Filmmakers Julio and Marla Quintanas discuss their bilingual release, “The Vessel”

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Producer Marla Quintana and her husband, Julio Quintana, are releasing their film, “The Vessel,” on Friday. The film was shot in both English and Spanish.
Photo Credit: Karen Pinilla | Daily Texan Staff

Producer Marla Quintana and her husband Julio Quintana, a UT alumnus and director, will release their first feature-length film, “The Vessel,” on Friday to select theaters. The film was shot in both English and Spanish and tells the story of a priest’s (Martin Sheen) effort to help his small Latin-American town after it is devastated by a tidal wave.

The Daily Texan spoke with the Quintanas about their groundbreaking film.

The Daily Texan: The big thing with this film was that it was filmed in English and in Spanish, meaning there is no dubbing. It seems to be the first of its kind — is that true?

Marla Quintana: Someone told us there was another example in the 1930s — “Dracula,” where they did it in English and German, but they had a completely different cast and crew at night. In a way, it is a first for hiring a bilingual cast and doing every scene twice by the same actors, by the same crew. We haven’t found any other examples of anyone doing that.

DT: Julio, in an interview with the Hollywood Reporter, you said bilingual actors and movies like this are the future of filmmaking. Why do you think that’s the case?

Julio Quintana: I think the Spanish-speaking population in the U.S. is soaring, and there’s a huge market there. We’re going to have more and more bilingual actors, bilingual writers, bilingual filmmakers every year. In our experience, it costs so little to do it this way. It’s added 5 percent to our budget, but it doubled our market. We now have markets in Miami and Puerto Rico. We can sell the movie all through South America, Mexico, Spain.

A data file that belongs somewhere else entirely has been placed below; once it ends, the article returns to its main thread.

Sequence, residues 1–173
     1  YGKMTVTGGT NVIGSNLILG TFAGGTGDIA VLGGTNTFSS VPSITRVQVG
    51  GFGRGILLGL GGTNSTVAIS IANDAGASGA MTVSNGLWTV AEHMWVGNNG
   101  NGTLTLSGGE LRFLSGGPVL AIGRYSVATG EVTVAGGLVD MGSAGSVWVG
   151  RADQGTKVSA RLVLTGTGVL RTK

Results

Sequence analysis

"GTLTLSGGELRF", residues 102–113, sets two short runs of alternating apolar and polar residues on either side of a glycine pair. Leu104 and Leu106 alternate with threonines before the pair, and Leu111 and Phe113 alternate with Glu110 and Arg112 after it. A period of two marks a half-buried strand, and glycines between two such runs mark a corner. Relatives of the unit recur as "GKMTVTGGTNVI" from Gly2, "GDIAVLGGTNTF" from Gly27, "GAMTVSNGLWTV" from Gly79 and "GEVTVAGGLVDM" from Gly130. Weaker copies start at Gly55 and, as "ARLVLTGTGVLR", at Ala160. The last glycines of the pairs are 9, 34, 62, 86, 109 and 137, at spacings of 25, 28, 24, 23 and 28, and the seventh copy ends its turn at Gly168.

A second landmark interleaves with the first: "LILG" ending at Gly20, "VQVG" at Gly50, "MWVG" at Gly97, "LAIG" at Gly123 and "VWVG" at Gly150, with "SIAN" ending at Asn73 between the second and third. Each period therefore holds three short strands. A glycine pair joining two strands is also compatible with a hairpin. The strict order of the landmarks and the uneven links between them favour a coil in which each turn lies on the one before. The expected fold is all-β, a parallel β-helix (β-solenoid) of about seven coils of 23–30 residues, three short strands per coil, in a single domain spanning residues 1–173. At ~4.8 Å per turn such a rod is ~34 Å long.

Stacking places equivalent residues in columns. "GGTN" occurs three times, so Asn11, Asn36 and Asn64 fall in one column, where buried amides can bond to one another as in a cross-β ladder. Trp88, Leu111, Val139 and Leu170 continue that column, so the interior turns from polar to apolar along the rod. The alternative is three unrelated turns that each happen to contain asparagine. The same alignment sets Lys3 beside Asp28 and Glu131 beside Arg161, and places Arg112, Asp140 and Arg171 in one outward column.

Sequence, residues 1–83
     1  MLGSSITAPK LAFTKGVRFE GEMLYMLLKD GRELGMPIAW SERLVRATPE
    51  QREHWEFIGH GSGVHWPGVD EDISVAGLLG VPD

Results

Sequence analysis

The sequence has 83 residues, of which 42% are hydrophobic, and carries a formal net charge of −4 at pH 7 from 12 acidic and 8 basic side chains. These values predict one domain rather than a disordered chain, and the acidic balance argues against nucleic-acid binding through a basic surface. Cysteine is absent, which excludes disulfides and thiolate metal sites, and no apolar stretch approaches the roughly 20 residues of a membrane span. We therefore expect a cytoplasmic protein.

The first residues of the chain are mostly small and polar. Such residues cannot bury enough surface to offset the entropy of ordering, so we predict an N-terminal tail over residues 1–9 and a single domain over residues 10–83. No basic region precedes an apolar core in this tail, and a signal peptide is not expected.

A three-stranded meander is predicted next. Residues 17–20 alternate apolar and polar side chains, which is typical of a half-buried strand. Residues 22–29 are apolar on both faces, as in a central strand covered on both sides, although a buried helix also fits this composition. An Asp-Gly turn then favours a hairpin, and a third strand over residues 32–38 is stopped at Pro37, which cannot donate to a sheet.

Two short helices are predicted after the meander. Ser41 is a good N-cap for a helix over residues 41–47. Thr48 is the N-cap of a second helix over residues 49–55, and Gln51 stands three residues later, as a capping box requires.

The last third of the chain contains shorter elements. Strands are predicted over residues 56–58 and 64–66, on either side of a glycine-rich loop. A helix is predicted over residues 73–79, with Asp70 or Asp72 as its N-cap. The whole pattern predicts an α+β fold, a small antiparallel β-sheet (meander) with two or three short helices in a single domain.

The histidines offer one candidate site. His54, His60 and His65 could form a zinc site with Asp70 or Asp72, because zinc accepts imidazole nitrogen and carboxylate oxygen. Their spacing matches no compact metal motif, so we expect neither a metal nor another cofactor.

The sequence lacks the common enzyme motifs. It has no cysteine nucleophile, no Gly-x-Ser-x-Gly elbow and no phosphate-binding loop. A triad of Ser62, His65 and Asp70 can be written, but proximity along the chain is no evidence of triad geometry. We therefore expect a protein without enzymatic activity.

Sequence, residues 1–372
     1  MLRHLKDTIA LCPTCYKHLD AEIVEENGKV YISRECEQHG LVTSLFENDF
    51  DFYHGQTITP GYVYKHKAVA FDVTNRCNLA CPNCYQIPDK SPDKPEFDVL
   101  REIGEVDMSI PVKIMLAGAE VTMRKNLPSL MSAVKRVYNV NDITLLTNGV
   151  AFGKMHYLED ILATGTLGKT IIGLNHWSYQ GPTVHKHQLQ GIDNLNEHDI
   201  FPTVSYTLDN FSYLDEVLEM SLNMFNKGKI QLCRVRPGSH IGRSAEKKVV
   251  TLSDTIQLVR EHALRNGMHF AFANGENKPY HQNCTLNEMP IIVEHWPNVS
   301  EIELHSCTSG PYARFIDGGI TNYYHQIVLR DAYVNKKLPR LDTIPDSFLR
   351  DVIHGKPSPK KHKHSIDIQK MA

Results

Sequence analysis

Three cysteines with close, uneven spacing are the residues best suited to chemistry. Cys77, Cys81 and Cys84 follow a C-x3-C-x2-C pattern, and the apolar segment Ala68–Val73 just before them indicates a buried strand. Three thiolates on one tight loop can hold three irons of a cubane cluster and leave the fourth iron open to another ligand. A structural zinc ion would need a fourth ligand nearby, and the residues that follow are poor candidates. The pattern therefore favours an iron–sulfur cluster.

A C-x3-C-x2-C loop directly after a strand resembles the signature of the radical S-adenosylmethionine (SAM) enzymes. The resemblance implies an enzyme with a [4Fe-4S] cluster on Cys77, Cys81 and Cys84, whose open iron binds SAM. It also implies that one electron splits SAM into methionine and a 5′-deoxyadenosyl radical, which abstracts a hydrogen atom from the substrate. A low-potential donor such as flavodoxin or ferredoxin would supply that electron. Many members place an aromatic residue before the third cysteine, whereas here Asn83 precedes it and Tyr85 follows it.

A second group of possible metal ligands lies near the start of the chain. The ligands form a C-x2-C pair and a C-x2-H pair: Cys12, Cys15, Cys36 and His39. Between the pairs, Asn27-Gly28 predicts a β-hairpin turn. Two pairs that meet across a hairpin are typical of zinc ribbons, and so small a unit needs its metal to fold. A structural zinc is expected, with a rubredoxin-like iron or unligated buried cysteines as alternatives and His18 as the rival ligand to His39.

On top of that, there are English speakers who like the Spanish version better because they find it more authentic, which we never expected to happen. It’s created a lot of interesting opportunities that wouldn’t have existed if it was just done in English or just done in Spanish. If we’d just done it in Spanish, we probably wouldn’t be talking to you right now. 

Historically, it’s been difficult to cast Latino actors in leading roles, but if people can justify it by the fact that they are tapping into a bigger market, I think there is huge potential for tons of people to work.

DT: Where did the idea of a bilingual film come from? Was it something you always wanted to do, or was it out of the blue?

MQ: We initially wanted to do a Spanish-language version, but we were told by some of our investors and mentors that the Spanish version wouldn’t work in the U.S., and we didn’t want to exclude that huge potential market. Our compromise was just to do both languages. Everybody thought we were crazy when we suggested it. Julio and I were raised in bilingual households; our families would switch back and forth between Spanish all the time, so we were like, ‘It can’t be that hard. We’ll figure it out.’ It ended up actually not being that difficult during the production stage, because it involved a couple extra takes in the other language. The really challenging part was when we got into post-production, because we really created two separate movies. Two movies need to be edited, two movies need to be sound mixed, two movies need to be color corrected. I think more physiologically challenging than anything else but totally worth it.

“The Vessel” will premiere at Regal Arbor 8 Theater at Great Hills. This weekend’s showings will be followed by Q&As with the Quintanas.